Here’s how this week’s arts and culture piece begins:

Brian Doyle (1956 -2017) wrote essays, short stories, memoirs, novels and prose-poem hybrids he called “proems.” His work appeared in “Harper’s,” “Orion,” “The Sun” magazine and, repeatedly, in the “Best American Essays” series.

He won three Pushcart Prizes, was widely anthologized and, after being nominated nine times for the Oregon Book Award, won in 2016 for his novel “Martin Marten.”

He edited “Portland,” the magazine of the University of Portland, for over 25 years, attracting such top-tier writers as Annie Dillard, Pico Iyer, Scott Russell Sanders, and Kathleen Norris. Under his leadership, the publication was consistently ranked among the best university magazines in the country. He’s been called “superhumanly prolific.”

He was also a husband, father of three, and apparently mentor to hundreds.

In November of 2016 he was diagnosed with cancer and underwent surgery for what he referred to as “a big honkin’ brain tumor.” He died in May the next year.



  1. Fr. Rich Jasper says: Reply

    Dear Heather, I write this not to flatter or gain brownie-points, but to simply share that Mr. Doyle and you have been the two contemporary (and I dare say often-mystical) Catholic writers who have traveled with me on my own vocational journey and search for God in the present landscape of modern-day culture. Both of you break open the Kingdom here-and-now, reminding all of us that Christ-Love is ours for the taking and ours for the sharing. Your writing breaks-open our hearts because you allow yours to be be broken-open by our Lord and His Cross. Know that many of us are so very grateful. May your ministry continue to bear much fruit, and may Brian’s words continue to inspire …

    1. HEATHER KING says: Reply

      Fr. Rich and Sr. Dorcee, how beautiful to know that two religious find something of value in my work…thank you both for the encouragement and support. Brian, yes, was extremely special. I watched a talk or two of his on YouTube and he was miles away from, say, the Catholic public intellectual type. He was utterly human, funny, open, charming and therefore INTERESTING. Because his person was interesting…It’s incredibly difficult or I should say requires an ongoing leap into the unknown to venture forth as a writer with nothing more than your heart and an insane desire to “break open the Kingdom.” People don’t tend to pay for that kind of thing. They want ten easy things to do for Lent, or an ideology, or a successful platform, or at the very least a charismatic say Professor of Theology which is a beautiful thing, but if your vocation is something even more humble…You go forth without an extra tunic and pair of sandals and pray to God you can make enough money to pay the rent and buy yourself health insurance…I’m no longer living hand to mouth, and am fine in fact better off now than i’ve ever been, especially for my fairly humble “lifestyle.” But Brian did it with KIDS, I think four of them. Edited, wrote his tail off, was a Friend and Mentor. So it’s a special type of vocation and as many of his friends pointed out, he was not as well-known as he could and certainly should have been. But when you make a conscious decision to devote your time and energy to family and/or a small, immediate circle in favor of spending your time and energy creating a social media personality…consumed by all but truly available to none, that’s what happens. “No one has given up land, possessions, fame etc in my name who will not be given back a hundredfold.” So he has a place in heaven, and he lives on here, and I hope ten thousand other places…Thanks for getting how great he was, and for remotely putting me in his category…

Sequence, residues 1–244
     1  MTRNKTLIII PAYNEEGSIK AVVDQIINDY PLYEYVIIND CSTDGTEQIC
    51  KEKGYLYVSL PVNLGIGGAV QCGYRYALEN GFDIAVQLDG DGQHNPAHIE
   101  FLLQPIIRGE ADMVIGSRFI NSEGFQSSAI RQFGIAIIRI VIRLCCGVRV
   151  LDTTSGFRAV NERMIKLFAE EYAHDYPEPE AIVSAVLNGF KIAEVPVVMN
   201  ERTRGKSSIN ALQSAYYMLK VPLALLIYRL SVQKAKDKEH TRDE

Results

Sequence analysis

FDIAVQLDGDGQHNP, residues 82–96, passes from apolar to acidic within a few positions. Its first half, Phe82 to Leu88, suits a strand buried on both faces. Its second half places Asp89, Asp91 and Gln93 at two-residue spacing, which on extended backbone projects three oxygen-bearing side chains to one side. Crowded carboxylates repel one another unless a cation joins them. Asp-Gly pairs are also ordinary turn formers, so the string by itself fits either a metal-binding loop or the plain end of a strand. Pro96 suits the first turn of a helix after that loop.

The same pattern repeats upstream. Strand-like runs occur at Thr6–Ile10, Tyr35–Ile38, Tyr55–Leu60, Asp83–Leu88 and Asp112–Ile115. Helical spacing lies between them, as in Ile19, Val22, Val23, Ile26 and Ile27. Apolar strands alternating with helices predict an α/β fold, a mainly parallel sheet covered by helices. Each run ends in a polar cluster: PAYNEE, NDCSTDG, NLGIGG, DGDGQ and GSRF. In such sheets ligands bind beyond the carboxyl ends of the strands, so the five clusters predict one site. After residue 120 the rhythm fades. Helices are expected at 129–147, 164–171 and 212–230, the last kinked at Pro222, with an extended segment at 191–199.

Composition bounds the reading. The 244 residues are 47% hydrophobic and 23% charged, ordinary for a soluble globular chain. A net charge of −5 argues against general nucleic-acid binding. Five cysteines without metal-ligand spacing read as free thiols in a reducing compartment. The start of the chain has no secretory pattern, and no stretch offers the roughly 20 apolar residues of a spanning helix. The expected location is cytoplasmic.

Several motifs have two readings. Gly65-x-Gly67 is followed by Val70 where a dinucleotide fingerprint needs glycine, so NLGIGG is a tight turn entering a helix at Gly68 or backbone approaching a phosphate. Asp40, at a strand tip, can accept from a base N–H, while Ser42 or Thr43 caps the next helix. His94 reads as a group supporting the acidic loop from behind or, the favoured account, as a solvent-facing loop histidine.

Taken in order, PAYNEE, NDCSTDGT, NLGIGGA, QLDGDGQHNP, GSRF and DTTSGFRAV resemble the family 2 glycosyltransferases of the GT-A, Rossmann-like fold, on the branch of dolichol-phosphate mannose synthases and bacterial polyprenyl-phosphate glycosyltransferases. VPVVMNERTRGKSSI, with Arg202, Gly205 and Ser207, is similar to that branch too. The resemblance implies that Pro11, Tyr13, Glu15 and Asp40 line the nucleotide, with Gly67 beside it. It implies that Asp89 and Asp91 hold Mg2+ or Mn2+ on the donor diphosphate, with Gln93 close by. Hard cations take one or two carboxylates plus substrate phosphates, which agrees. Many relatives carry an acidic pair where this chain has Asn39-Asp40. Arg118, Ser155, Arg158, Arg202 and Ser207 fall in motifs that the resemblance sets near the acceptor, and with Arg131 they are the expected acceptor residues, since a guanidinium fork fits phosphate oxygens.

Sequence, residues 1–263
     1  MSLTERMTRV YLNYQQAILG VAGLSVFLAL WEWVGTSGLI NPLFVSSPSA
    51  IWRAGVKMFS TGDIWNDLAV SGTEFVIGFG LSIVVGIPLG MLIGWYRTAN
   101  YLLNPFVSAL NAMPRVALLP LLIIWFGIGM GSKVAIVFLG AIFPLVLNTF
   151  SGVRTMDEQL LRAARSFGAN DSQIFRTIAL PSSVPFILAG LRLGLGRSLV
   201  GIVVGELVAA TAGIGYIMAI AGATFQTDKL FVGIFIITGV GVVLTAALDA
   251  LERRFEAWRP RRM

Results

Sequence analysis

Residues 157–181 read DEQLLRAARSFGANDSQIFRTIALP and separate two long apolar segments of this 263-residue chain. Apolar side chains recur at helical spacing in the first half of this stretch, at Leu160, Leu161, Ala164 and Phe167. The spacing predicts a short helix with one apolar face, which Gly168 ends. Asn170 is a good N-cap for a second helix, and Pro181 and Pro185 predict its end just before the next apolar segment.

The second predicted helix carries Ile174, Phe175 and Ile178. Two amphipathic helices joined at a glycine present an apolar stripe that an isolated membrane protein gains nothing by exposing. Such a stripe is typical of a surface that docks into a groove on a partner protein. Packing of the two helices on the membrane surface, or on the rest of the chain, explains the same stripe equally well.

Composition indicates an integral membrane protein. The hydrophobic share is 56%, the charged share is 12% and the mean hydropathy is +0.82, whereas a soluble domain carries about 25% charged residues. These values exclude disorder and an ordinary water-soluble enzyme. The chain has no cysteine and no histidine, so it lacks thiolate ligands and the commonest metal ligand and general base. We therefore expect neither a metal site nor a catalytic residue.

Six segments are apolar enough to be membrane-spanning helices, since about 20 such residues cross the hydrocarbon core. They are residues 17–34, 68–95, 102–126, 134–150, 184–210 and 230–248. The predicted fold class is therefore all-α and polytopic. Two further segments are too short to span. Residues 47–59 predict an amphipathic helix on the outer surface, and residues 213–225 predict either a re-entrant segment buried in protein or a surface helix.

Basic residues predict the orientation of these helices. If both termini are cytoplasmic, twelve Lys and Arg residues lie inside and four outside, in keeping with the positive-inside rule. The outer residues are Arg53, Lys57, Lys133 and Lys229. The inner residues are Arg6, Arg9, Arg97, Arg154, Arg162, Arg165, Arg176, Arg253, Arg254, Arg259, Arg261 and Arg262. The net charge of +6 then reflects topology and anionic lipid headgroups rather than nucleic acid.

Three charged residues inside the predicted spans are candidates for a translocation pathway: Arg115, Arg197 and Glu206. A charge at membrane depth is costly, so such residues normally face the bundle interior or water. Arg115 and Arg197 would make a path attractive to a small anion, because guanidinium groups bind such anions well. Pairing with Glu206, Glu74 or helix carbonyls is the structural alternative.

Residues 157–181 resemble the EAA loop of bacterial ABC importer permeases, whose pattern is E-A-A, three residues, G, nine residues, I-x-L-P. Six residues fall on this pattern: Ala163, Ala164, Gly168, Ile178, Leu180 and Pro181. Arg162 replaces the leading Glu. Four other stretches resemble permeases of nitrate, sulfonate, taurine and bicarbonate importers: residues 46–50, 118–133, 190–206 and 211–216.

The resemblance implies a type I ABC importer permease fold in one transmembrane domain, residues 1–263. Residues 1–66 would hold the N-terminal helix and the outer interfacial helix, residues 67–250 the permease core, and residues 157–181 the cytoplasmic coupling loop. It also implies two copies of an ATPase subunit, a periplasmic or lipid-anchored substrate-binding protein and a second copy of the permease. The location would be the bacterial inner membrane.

2. Heather, thank you so much for sharing this. I have read some of his other works and will certainly want to read this. I ditto Father Rich’s comments in pointing out the great contribution both of you have been to Catholic writing and providing food for our souls.